In the suburbs of occupied Jerusalem, while some workers were digging to install a new elevator, they found a small clay jug filled with dirt, along with some other artifacts.
After the crock-pot left in place for several weeks, while archaeologists transport it where the dirt falls from it, and it has four gold dinars in good condition, and with these coins, they snatch their eyes and steal their minds because of their shine and luster.
Archaeologists there say that the coins tell the story of the dramatic times of that time, as they are an almost complete reflection of historical events. It almost recounts the period of the transition of power in that region from the Abbasid state to the Fatimid state.
Two gold dinars were minted in the Ramle region, between Jaffa and Jerusalem, during the reign of the caliph “Fadl Al-Muti` Allah” (946-974 AD), and his regional ruler Abu Al-Qasim Anujur (946-961 AD).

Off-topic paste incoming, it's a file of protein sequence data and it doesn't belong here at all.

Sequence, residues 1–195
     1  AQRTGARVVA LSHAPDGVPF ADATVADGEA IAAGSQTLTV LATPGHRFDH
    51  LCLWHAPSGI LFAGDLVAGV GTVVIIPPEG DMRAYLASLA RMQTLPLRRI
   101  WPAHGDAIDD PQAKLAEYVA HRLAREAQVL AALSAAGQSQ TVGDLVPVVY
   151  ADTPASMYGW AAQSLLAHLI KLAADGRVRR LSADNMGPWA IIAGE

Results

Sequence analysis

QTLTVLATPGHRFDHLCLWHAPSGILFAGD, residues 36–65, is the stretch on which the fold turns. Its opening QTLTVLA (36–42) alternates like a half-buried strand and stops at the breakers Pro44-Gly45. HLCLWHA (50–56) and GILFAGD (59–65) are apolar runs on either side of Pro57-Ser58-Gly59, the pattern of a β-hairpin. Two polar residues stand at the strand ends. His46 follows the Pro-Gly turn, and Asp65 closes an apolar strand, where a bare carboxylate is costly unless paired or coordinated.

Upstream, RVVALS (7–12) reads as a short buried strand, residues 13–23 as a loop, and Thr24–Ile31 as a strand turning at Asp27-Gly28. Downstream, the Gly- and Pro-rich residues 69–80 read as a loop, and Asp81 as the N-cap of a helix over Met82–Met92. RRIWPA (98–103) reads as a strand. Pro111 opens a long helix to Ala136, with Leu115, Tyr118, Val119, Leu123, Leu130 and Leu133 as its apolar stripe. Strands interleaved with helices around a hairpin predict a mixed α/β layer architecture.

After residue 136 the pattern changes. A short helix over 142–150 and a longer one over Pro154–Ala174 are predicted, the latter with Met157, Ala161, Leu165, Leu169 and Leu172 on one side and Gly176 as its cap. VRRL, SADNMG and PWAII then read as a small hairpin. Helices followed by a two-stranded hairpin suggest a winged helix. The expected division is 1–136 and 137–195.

The other two dinars were minted in Cairo by the Fatimid rulers Al-Muizz Li Din Allah the Fatimid (953-975 AD) and his successor, Al-Aziz Billah the Fatimid (975-996 AD)
The four dinars, according to the discoverers, was a large sum of money at the time because people were living in difficult lives. It was equal to the salary of an average employee or the salary of four months for a small employee.
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